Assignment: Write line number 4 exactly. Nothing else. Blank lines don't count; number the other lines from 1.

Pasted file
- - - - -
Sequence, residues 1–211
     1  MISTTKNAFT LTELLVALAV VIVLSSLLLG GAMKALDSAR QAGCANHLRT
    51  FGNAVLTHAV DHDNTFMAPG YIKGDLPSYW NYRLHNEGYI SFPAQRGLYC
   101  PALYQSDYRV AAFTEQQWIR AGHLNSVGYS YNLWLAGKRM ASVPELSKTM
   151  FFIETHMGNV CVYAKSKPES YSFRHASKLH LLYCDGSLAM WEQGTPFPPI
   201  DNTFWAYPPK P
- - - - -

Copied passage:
   101  PALYQSDYRV AAFTEQQWIR AGHLNSVGYS YNLWLAGKRM ASVPELSKTM